Joey wins trafficking award

Delap Park came alive with the Human Trafficking Video Competition last weekend. Joey Bejang, third from left, won the $2,000 first prize, posing with contest judges, from left: Chewy Lin, Claret Chong Gum, and Lometo Philippo. Photo: Goodwin Silk.

WILMER JOEL

The legend of Jebro, who defeated his 11 elder brothers in a canoe race for the title of irooj (chief) by obeying his mother’s counsel, happened simultaneously with Jerakoj Joey Bejang and five of his friends as they listened to a mother’s advice in putting together a video for the first-ever human trafficking video competition last weekend at Delap Park.

The Asia Foundation and the US Agency for International Development sponsored the event, with hosts DJ Yastamon and Jasmine Myazoe.

Five videos were submitted, but three were selected and judged by photographer Chewy Lin, Miss Marshall Islands Claret Chong Gum, and Assistant Attorney General Lometo Philippo.

Joey and his friends video came out on top, winning $2,000 and a Canon EOS Rebel T7 camera. Lieom Loeak’s video came in second, winning $1,000 and a Canon EOS Rebel T100 camera, followed by Tinong Kramer’s video, which netted him $500 and a Polaroid Now Camera.

Joey, an 11-year-old student at Majuro Cooperative School and son of Lib Senator Joe and Mary Bejang, thanked his mother and his friends for helping him with the one-day-long video.

When Mary learned that her son did not know anything about human trafficking, she assumed that not many kids did either. She recommended that Joey and his friends living in Rairok enter the competition to learn more about the issue.

Although Mary has zero experience in filmmaking, she contributed to recording and editing the video.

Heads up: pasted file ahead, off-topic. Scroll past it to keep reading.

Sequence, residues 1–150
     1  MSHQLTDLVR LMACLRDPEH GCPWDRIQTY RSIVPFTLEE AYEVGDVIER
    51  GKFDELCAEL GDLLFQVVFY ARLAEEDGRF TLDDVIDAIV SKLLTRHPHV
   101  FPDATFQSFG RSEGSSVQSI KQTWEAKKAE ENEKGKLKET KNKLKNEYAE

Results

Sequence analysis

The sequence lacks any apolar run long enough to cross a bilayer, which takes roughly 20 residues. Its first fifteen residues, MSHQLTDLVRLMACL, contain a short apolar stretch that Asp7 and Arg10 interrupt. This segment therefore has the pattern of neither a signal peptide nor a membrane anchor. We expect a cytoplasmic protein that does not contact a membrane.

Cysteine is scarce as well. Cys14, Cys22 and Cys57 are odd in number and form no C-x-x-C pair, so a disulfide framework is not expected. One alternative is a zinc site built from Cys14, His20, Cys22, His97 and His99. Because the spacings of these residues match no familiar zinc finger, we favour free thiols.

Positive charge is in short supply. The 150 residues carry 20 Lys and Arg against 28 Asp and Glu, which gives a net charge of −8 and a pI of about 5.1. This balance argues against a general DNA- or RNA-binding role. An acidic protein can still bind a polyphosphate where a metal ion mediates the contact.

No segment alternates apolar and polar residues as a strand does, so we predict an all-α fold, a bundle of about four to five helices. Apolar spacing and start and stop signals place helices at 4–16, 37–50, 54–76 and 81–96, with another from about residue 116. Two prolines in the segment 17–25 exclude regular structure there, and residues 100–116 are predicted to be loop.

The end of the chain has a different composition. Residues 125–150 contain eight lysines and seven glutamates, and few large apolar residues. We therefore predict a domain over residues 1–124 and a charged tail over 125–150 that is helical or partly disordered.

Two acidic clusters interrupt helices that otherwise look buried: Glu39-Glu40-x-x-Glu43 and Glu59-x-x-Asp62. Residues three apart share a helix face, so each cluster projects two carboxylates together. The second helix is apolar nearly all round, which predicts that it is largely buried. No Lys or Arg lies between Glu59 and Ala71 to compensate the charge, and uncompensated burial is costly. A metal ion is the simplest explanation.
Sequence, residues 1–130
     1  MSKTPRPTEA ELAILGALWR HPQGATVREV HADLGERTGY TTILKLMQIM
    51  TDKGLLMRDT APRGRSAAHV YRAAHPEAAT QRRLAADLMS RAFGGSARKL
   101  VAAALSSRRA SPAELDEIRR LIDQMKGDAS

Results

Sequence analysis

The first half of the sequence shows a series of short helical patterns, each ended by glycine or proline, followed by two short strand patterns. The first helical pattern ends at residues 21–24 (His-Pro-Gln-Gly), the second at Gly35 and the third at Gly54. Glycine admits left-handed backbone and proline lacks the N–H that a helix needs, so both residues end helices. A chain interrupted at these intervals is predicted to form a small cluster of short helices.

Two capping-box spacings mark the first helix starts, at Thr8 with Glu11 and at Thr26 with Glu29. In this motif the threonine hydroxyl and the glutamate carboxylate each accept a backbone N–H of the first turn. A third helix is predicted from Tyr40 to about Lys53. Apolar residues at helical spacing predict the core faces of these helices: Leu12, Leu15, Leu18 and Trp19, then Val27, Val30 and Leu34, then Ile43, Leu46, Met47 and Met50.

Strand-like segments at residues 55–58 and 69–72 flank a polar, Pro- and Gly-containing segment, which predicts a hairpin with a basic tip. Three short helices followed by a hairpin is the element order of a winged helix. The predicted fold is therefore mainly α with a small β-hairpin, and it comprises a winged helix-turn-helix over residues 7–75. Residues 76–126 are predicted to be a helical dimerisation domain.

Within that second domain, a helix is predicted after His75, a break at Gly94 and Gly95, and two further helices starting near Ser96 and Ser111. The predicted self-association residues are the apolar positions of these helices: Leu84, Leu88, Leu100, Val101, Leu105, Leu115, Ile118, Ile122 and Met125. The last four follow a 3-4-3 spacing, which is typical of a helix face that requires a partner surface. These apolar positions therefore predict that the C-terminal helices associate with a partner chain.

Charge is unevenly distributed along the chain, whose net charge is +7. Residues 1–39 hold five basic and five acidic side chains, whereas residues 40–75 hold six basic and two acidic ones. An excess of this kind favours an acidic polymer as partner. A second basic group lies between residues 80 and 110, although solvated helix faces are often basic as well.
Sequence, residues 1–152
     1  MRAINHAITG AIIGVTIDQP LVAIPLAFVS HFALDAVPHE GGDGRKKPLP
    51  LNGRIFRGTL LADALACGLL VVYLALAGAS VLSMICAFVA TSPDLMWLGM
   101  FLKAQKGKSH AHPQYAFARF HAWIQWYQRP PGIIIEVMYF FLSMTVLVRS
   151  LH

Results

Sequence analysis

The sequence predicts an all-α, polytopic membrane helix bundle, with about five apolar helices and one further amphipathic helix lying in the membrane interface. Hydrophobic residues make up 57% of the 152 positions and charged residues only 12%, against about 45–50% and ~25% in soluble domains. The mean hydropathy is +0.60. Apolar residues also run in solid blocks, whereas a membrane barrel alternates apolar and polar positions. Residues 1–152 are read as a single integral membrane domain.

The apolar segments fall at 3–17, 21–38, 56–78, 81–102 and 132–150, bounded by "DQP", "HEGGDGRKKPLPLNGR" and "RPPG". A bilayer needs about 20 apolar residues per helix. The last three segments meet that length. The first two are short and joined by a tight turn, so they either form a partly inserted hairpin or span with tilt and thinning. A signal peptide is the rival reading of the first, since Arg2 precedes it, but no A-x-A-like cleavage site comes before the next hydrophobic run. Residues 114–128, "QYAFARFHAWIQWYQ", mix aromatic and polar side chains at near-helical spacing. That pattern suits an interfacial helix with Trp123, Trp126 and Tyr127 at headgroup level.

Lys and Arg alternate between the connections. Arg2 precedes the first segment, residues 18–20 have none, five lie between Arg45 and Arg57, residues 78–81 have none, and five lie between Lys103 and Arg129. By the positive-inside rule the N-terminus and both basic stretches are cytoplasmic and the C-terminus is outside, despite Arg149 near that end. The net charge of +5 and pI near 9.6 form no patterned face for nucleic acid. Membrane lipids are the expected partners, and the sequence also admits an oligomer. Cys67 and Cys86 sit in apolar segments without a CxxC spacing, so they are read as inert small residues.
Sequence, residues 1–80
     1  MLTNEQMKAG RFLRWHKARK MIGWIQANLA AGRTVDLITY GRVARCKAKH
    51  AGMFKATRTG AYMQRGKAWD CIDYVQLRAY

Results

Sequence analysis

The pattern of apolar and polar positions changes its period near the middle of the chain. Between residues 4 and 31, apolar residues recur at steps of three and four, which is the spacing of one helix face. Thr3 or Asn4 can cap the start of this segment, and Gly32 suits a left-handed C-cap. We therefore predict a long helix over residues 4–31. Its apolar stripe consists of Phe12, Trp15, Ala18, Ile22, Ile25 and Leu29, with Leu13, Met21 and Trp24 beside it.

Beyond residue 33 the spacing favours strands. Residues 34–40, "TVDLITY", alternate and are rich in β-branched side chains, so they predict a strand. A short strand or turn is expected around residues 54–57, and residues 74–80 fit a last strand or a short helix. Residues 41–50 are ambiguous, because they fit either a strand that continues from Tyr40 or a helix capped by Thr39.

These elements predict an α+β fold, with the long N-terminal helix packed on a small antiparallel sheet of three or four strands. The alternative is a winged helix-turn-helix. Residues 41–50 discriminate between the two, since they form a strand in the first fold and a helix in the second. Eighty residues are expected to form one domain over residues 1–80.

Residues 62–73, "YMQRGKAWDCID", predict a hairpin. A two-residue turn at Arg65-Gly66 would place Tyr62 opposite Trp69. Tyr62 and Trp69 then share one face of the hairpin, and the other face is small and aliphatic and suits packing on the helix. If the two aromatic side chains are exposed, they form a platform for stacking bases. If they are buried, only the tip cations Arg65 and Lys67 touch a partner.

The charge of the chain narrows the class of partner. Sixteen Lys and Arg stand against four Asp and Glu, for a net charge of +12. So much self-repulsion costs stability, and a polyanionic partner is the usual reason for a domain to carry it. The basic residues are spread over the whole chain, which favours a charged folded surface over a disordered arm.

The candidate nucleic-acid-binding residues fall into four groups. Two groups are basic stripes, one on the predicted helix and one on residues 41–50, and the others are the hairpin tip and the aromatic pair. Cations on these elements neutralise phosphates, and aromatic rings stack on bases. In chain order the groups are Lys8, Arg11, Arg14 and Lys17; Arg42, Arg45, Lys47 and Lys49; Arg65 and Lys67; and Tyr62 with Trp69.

Mary claims that the purpose of the video was to portray human trafficking from a local viewpoint because it occurs frequently but is not recognized as such. “For example, the children we bring from the outer islands, instead of putting them to school, we put them to work; that’s why I wanted them to (label) that as human trafficking, but we Marshallese don’t recognize it.”

Mary told the Journal that the success of the video was a result of teamwork. “I am happy for my son, but it was not only him; it was a team effort, and they did a good job working together.” Joey urged children and teenagers to “take people you know, be confident in yourself, and do not doubt yourself.”

The second-place finisher, Lieom Loeak, told the Journal that her two-day-long video focused on illegal adoption in the islands. “I chose to do this because we usually hear news about Marshallese girls selling their babies.” Her advice to interested filmmakers is that if she can do it, then you can do it too.

In related trafficking in persons news:

For the fifth time in the last seven years, the RMI has been placed on the US State Department’s “Tier 2 Watch List” for trafficking in persons.

The State Department’s annual Trafficking in Persons global report was issued recently, and it shows the Marshall Islands was downgraded from “Tier 2” to the “Watch List,” the ranking next to the blacklist level “Tier 3.”